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Hum Mutat. 2003 Mar;21(3):258-70.

TP53 and gastric carcinoma: a review.

Author information

1
Department of Pathology, College of Medicine, University of Cincinnati, Cincinnati, Ohio 45267-0529, USA. Cecilia.FenoglioPreiser@UC.Edu

Abstract

In this article, we survey the major p53 (TP53) alterations identified in gastric carcinomas and their precursors. These include p53 expression, mutations, and loss of heterozygosity (LOH). Not only are the various abnormalities summarized, but in addition there is a survey of the literature with respect to the impact of these changes on patient prognosis and treatment response. The majority of published studies involve the immunohistochemical detection of the protein. These use different antibodies, different detection techniques, and different methods of interpretation. Therefore not surprisingly, the results of many of the studies are contradictory with one another. Overall, however, it appears that p53 alterations occur early in the development of gastric carcinoma, being present even in the nonneoplastic mucosa and they increase in frequency as one progresses along the pathway of gastric carcinoma development. p53 immunoreactivity is seen in 17%-90.7% of invasive gastric carcinomas. p53 alterations occur much more commonly in proximal lesions than in distal ones, suggesting that the molecular events leading to the development of gastric carcinoma may be very different in proximal vs. distal tumors. p53 mutations occur in 0%-77% of gastric carcinomas. The mutations are distributed widely across the gene from exons 4-11 with hot spots of mutation at codons 175, 248, 273, 282, 245, and 213. G:C>A:T transitions at CpG sites are the commonest type of mutation. At least 60% of carcinomas with mutations also exhibit p53 LOH.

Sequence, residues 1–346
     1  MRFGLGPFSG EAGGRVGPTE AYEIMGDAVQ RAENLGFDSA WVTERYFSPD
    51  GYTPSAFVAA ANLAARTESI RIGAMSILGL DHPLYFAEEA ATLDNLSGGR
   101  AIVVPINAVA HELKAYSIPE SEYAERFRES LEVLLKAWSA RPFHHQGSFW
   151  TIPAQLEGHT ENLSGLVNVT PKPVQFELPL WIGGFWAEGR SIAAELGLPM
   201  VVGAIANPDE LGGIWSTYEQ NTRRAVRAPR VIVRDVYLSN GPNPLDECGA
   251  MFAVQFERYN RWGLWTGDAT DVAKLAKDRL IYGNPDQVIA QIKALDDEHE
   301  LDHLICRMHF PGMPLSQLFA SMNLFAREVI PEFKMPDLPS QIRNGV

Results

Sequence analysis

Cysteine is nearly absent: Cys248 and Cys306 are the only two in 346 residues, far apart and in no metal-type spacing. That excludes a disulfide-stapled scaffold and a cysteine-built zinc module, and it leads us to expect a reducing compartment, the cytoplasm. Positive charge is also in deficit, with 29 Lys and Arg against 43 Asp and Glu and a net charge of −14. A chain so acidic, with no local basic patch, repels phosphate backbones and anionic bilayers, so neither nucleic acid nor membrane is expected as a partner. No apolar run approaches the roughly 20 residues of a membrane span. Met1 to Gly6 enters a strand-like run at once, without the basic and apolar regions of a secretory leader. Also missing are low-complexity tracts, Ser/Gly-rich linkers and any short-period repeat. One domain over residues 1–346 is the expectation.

PMID:
12619111
DOI:
10.1002/humu.10180
[Indexed for MEDLINE]

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